129. A nanoparticle as claimed in claims 124 to 128 wherein the nanoparticle comprises a segment defining a location for the capture probe.
130. A nanoparticle as claimed in claim 129 wherein the nanoparticle comprises an Ni segment.
131. A nanoparticle as claimed in claims 129 or 130 wherein the location and size of the segment is controlled as required during manufacture to provide for controlled aggregation of the nanoparticles with an analyte.
132. A nanoparticle as claimed in claims 129 to 131 wherein the location and size of the capture probe is controlled as required during manufacture to provide for controlled aggregation of the nanoparticles with an analyte.
133. A nanoparticle as claimed in claims 129 to 132 wherein the location and size of the Ni segment is controlled as required during manufacture to provide for controlled aggregation of the nanoparticles with an analyte.
134. A nanoparticle as claimed in claims 129 to 133 wherein the capture probe is provided at one end of the rod shaped particle.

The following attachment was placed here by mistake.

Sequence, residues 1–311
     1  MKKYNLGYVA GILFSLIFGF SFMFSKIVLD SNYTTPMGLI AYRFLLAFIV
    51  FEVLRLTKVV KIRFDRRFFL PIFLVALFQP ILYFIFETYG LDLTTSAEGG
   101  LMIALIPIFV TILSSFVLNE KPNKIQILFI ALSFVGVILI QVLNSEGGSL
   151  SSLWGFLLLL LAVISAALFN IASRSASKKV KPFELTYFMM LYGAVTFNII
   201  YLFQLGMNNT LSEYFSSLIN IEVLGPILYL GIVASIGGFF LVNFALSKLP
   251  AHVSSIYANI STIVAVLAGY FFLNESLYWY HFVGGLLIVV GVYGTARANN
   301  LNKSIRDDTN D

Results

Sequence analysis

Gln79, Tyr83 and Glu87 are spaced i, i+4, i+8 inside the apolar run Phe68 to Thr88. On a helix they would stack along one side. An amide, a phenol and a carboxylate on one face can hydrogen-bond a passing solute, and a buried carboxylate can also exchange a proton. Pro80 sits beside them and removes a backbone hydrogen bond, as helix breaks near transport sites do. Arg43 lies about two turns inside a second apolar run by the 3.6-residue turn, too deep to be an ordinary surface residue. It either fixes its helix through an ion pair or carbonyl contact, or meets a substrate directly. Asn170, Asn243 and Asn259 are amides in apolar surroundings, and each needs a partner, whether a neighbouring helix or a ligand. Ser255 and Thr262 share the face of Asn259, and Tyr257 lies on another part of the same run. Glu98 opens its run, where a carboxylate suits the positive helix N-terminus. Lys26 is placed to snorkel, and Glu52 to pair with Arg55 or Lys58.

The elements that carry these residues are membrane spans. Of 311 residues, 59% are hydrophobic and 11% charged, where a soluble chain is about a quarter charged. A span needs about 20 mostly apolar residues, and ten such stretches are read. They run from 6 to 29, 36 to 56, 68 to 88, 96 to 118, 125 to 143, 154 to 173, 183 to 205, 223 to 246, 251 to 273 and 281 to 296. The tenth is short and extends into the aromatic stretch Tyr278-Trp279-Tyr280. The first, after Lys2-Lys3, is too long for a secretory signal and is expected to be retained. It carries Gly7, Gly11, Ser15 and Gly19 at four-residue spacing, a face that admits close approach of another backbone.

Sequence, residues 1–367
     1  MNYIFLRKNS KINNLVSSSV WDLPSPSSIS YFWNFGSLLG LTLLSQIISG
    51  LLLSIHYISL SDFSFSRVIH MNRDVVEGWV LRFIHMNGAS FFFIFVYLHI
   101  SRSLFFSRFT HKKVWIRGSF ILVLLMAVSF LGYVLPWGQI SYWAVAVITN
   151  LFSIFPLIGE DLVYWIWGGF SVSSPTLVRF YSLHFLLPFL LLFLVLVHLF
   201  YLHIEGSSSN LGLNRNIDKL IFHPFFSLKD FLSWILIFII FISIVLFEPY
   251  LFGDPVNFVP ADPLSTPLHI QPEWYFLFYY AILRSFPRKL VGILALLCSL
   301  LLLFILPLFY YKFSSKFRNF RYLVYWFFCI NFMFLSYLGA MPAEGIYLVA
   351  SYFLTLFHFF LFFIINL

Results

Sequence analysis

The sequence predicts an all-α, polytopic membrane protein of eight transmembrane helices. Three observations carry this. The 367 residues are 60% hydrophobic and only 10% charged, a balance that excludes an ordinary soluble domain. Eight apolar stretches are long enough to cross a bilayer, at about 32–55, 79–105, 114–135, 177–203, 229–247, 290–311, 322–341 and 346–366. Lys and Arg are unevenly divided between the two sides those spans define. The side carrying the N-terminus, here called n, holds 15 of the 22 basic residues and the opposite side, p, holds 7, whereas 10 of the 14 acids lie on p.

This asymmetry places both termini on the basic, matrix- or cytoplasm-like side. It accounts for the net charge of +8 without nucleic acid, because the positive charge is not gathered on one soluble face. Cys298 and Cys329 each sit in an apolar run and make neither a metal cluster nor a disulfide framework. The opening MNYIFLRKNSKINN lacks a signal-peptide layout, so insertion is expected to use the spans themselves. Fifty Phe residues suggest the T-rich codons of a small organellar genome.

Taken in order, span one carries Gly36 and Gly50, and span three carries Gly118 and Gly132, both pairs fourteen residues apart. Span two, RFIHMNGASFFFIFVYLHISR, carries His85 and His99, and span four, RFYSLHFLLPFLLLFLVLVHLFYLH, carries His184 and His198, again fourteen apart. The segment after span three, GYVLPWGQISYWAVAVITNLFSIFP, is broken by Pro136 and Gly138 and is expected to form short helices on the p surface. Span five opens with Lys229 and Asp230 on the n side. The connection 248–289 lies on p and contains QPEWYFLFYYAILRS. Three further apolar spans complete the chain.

135. A nanoparticle as claimed in claim 134 configured to aggregate end to end with an analyte and similar nanoparticle,
136. A nanoparticle as claimed in claim 125 to 136 wherein the capture probe is provided between the rod ends and spaced apart from the rod ends.
137. A nanoparticle as claimed in claim 125 configured to aggregate side by side with an analyte and similar nanoparticle.
138. A nanoparticle as claimed in any of claims 129 to 138 wherein the multi-component rod further comprises a component selected to provide optical and/ or magnetic
characteristics.
139. A nanoparticle as claimed in any of claims 124 to 139 wherein the surface of the nanoparticle comprises a surface modification.
140. A nanoparticle as claimed in claim 139 wherein the modification is configured to allow capture of DNA or to allow capture of proteins.
141. A nanoparticle as claimed in any of claims 124 to 140, manufactured by template deposition,
142. A nanoparticle as claimed in any of claims 124 to 141 wherein dimensions of the nanoparticles 1 are be controlled by template deposition methods for example by control of both the reaction time and the template used. 143. A nanoparticle as claimed in claims 141 or 142 wherein the template comprises a membrane having regular cylindrical pores, the diameter of the pores controlling the diameter of the growing particle.
144. A nanoparticle a claimed in claims 141 to 143 wherein the length of the particles is determined by the total charge passed during the course of the electro-deposition.